Gord Reynolds is currently the Vice President of Commercial Advisory and Strategy at Infrastructure Ontario leading a variety of initiatives to improve utility coordination and accelerate the delivery of broadband across Canada. Prior to this, Gord was the Managing Director of Capgemini’s Canadian Utilities Practice and the Global innovation leader for the Power & Utility sector. He was also a member of Capgemini’s Global Sector Council and spent 8 years as the Global lead for Capgemini’s Smart Energy Services and Digital Utilities Transformation initiatives for the Energy, Utility and Chemicals sector.
Drew Clark, Editor and Publisher of Broadband Breakfast, also serves as Of Counsel to The CommLaw Group. He has helped fiber-based and fixed wireless providers negotiate telecom leases and fiber IRUs, litigate to operate in the public right of way, and argue regulatory classifications before federal and state authorities. In addition to representing public and private providers on broadband issues, Drew is actively involved in issues surrounding interconnected Voice-over-Internet-Protocol service, spectrum licenses, robocalling including STIR/SHAKEN, and the provision of video franchises and “over-the-top” copyrighted content.
As with all Broadband Breakfast Live Online events, the FREE webcasts will take place at 12 Noon ET on Wednesday.
British Telecoms Are Aligning with Emerging U.S. Position on Open RAN Adoption
Open RAN adoption is said to save telecoms money and boost security, as providers are forced to move off Huawei.
October 18, 2021 – Howard Watson, chief technology officer of telecommunications company BT Group, spoke on Wednesday at the Broadband World Forum about the future of the UK’s network infrastructure, including removing Huawei’s equipment from their networks and developing open radio access networks for wider use.
Speaking at the opening session titled “Building an innovative converged network infrastructure for the UK,” Watson discussed the challenges and possibilities for offering fast, secure broadband and offered O-RAN as a solution for wider connectivity.
Watson discussed utilizing open RAN to facilitate greater interoperability between vendors’ equipment, as it opens the market to more technologies due to its open configuration. The concept advocates for a more open radio access network than provided today, which is held by fewer vendors.
The Federal Communications Commission has pushed for ways to develop open RAN to minimize network security risk, as the movement has gained significant momentum since Huawei was banned over the past 18 months. FCC Acting Commissioner Jessica Rosenworcel has described open RAN as having “extraordinary potential for our economy and national security.”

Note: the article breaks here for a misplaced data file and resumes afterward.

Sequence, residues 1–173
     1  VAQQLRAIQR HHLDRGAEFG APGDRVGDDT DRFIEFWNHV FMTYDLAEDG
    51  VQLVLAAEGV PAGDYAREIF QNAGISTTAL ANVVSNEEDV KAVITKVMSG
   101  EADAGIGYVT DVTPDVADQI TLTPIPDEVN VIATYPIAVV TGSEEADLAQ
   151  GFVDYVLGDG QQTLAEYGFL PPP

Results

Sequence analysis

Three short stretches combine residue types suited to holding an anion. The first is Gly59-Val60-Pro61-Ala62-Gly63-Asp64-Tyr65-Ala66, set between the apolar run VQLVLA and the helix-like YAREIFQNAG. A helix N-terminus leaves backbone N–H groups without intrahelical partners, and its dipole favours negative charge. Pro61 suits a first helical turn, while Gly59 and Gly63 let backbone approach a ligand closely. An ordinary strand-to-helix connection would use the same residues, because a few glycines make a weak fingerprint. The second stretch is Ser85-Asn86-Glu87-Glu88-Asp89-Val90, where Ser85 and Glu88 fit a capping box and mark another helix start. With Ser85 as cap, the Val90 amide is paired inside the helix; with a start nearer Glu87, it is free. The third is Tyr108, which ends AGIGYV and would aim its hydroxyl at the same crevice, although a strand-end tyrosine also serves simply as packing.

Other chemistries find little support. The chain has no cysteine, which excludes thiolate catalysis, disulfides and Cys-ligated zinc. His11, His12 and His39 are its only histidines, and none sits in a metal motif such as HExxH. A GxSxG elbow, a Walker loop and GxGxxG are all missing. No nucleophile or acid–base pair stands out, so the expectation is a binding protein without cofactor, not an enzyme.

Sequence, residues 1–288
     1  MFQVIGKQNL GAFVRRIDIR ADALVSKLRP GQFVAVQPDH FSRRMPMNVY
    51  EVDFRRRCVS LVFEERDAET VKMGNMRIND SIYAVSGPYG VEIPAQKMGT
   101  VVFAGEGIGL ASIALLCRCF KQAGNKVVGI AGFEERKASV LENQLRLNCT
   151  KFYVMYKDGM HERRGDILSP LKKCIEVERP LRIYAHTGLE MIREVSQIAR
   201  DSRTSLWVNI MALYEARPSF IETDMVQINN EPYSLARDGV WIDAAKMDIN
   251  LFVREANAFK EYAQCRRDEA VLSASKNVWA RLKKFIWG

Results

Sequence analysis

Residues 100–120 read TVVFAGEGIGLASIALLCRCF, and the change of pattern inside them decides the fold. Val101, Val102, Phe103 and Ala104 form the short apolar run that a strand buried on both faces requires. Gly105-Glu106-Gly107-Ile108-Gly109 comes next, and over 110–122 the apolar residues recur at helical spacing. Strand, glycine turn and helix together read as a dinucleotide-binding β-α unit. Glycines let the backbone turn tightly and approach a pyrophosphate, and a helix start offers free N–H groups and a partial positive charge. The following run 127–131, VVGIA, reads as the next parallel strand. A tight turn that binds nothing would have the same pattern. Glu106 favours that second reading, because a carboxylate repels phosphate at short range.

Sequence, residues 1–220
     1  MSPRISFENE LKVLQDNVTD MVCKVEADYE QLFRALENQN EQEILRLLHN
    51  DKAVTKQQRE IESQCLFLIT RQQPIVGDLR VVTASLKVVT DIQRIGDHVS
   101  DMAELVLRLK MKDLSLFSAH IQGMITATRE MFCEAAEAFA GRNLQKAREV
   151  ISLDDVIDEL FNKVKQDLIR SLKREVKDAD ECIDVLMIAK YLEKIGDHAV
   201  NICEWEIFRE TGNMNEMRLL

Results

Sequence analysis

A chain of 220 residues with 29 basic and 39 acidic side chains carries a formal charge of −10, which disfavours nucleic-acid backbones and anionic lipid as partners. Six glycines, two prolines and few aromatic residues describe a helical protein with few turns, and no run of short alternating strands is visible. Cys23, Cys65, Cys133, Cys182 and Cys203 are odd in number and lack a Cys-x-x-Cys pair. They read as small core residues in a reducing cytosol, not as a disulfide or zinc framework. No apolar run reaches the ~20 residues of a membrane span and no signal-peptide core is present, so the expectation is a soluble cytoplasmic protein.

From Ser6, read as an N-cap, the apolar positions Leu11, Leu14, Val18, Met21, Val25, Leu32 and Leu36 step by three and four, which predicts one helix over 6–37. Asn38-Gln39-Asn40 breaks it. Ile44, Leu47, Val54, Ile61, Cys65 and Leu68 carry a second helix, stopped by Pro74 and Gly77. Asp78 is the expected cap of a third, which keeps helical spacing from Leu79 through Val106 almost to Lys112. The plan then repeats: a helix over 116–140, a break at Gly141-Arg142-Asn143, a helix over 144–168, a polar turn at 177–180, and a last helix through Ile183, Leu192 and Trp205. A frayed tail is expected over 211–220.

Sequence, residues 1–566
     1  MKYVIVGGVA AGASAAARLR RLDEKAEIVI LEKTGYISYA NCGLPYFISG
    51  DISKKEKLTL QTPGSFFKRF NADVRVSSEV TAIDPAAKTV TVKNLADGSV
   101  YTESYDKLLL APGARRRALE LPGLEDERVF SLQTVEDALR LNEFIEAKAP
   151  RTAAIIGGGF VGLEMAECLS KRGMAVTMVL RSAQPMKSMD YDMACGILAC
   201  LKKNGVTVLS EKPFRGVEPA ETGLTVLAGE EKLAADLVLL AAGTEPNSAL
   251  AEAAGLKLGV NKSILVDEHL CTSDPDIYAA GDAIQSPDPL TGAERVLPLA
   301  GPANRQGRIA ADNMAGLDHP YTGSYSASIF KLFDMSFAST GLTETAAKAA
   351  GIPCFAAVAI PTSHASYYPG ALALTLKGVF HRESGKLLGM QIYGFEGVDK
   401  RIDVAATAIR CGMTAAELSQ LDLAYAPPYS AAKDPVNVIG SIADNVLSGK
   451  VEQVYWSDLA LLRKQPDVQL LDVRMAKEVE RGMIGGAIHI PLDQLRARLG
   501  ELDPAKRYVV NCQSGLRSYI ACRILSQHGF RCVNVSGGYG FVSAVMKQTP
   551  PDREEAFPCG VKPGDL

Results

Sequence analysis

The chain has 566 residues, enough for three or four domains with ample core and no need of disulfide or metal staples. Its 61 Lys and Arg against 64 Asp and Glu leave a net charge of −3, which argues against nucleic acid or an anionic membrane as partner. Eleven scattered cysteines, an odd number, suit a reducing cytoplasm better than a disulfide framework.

“When customers go back into the office, the infrastructure they left behind must have key growth” Watson said, referencing the shift in office culture toward remote work during the COVID-19 pandemic.
“Expectations of customers change,” Watson said, adding that “they expect broadband to be always on, they expect high bandwidth.” Above all, “they expect investment no matter the cost.”
BT is seeking to deploy to 90 percent coverage in the UK by 2028.
On the sidelines of his keynote address, Watson noted BT’s progress in limiting Huawei products to 35 percent of an operator’s fiber access footprint by 2023. The UK government requires that Huawei’s equipment must be removed entirely by the end of 2027. The UK considers Huawei a “high risk” vendor for its network infrastructure.
However, BT is waiting for Huawei’s equipment to grow old before replacing it, Watson said. “Our intention is to ensure that we get the full economic life out of the Huawei [products] that we have deployed,” he said. He said BT believes the products can be used until 2031 or later.
“We’re in talks with government about that timeline” Watson said.
Panel discussion about European fiber investment
Watson said that “densification” happens in areas that are fiber rich, so “providing fiber to smaller cell sites is naturally an evolution.”
He said that BT is looking at a range of alternatives including Wi-Fi solutions to getting 1 Gigabit per second (Gbps) capability to household through open architecture-based solutions.
In addition to Watson, a panel focused on the investment parameters for fiber investment featuring officials from Macquarie Group and Eurofiber.
The panel focused on investment challenges and strategies for broadband infrastructure investment and discussed an opportunistic vision for broadband deployment. Speaking of more mature market with a history of broadband adoption, Macquarie Managing Director Oliver Bradley asked how providers could transition to more efficiency and maximizing the value of an existing network.
Among the principal drivers for investment include co-investing and deregulation, he said.
UTOPIA Fiber Goes to Court in Utah Over American Fork’s Build Permit Refusals
Fiber builder says it has been denied permits that have harmed it and its customers, despite an existing city agreement.